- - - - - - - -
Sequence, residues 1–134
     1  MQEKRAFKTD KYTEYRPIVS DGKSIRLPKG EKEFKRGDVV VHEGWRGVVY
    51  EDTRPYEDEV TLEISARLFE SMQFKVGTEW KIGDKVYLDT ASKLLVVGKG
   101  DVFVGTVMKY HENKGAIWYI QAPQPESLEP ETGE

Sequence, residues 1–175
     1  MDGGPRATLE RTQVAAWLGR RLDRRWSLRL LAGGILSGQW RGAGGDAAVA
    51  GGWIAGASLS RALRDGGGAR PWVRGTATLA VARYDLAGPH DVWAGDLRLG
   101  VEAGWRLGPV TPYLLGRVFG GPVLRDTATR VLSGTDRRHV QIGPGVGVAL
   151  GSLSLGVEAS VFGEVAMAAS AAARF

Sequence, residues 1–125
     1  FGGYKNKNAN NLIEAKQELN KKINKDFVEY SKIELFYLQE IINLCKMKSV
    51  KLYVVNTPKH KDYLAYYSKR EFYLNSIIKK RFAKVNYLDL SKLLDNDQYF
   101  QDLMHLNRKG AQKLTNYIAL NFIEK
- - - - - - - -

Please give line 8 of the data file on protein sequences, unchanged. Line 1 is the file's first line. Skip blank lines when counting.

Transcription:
   101  VEAGWRLGPV TPYLLGRVFG GPVLRDTATR VLSGTDRRHV QIGPGVGVAL